I should state that I’m not a huge fan of Robert Elms – legendary muso and BBC presenter. I find his style a little bit "tea and biscuits" if you know what a mean. A bit twee, a bit too ‘nice’. However, he knows his onions not just about music but also about London. His show on BBC London is practically given over to people’s stories of the city and many of his guests are proper diamonds. Things magazine alerts me to a site on BBC London Radio where he tells some of the stories he’s heard about London over the years and they are well worth a look. ‘The Black House’ a social centre at the bottom of Holloway Road is one such story. Michael X , a devotee of the Black Panther movement and an ex-bouncer for the slum landlord Peter Rachman [who is himself a fascinating character] ran a social club, come music-venue come cultural-space, for Afro-Caribbeans. White folk were not allowed to enter this funky den, being called ‘botrums’, after a brand of bleach, they were turned away at the door. Anyway, it transpires that this Michael X ran away to Jamaica with the daughter of a Tory MP [!] after he was charged for extortion and torture of a local businessman. Micheal X was subsequently hanged for murder on his homeland. Grizzly, great stuff.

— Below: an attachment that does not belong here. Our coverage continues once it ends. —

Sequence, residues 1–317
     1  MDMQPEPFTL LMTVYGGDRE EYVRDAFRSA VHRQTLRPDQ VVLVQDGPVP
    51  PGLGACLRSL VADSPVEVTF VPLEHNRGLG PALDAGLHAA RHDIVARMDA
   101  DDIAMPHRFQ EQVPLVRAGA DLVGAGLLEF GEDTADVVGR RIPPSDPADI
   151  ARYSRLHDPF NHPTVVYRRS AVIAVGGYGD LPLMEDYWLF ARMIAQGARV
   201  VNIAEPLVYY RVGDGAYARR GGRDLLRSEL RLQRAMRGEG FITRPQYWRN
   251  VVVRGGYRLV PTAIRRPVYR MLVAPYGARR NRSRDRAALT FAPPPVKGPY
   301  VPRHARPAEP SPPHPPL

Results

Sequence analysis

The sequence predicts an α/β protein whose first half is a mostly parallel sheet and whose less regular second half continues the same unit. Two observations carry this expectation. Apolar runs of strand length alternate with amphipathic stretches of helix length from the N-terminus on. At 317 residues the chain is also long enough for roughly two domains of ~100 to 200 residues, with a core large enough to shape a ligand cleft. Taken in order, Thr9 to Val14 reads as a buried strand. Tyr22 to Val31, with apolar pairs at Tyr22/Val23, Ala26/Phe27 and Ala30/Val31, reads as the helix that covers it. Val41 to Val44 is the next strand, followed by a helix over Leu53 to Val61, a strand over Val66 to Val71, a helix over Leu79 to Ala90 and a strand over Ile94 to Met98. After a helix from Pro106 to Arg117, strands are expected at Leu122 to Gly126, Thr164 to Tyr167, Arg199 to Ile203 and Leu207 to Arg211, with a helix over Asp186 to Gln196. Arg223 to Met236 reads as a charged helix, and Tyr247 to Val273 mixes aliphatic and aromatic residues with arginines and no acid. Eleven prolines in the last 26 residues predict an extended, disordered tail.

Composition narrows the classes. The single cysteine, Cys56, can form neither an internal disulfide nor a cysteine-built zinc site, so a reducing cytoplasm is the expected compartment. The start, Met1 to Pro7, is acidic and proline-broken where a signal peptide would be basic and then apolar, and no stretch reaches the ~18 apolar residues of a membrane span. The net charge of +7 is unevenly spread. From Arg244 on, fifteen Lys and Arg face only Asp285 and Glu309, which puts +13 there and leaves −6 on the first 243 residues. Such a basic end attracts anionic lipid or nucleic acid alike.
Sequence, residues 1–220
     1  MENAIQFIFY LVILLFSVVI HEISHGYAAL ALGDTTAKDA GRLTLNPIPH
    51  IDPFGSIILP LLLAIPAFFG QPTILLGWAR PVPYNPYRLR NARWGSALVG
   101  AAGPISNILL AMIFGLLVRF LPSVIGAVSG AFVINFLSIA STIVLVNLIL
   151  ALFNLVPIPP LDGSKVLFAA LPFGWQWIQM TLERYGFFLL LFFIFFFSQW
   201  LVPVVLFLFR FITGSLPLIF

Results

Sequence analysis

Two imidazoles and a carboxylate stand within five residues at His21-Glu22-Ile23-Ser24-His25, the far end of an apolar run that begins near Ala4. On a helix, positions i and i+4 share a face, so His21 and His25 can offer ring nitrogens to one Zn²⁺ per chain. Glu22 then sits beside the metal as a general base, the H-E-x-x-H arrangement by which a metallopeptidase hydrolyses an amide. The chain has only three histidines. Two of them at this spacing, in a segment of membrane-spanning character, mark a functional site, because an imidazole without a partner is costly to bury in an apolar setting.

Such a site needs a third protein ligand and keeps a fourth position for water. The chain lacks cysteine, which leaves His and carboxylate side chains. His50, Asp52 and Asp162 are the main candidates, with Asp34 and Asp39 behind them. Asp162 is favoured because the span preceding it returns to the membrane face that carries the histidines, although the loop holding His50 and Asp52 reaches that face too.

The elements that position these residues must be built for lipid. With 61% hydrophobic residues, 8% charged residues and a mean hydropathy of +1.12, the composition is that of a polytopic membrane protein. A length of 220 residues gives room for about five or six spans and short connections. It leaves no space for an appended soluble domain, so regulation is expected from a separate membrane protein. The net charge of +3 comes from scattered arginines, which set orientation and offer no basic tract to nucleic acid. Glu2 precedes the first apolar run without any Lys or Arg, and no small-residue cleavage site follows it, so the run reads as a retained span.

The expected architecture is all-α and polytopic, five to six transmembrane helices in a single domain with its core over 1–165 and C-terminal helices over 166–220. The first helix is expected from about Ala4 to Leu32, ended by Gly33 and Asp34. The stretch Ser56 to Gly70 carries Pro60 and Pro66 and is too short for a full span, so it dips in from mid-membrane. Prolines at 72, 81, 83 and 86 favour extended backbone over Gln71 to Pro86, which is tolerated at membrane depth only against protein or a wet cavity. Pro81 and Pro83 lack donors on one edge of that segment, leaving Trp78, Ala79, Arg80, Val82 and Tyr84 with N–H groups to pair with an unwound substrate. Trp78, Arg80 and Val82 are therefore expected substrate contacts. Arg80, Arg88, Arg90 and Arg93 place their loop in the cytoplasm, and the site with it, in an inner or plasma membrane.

I love stories like this. The [secret] histories of the tube are another good source of material for understanding the weaving of the fabric of the city. The Strand Station was used as a bunker during the war but also as a store for the Elgin Marbles. There’s loads more, go see…
One of the reasons these stories appeal to me is that they represent living histories. I pass the place on the Holloway Rd. where Michael X ran his club every day and I work next door to the old Strand Station [a colleague has even run a workshop down there..]. It would be nice wouldn’t it if people would photograph these places and add notes that could be geo-tagged in some way – perhaps through the OU project to map London I posted about before. Or enable x-y co-ordinates on flickr so we could get large scale maps of London to navigate it’s personal histories: to flag up the changes and how life of the city ebbs and flows as we pass through it. Oh, I’m off on one now…
[Elms via Things Magazine]
Flickr ‘Chinatown’ Group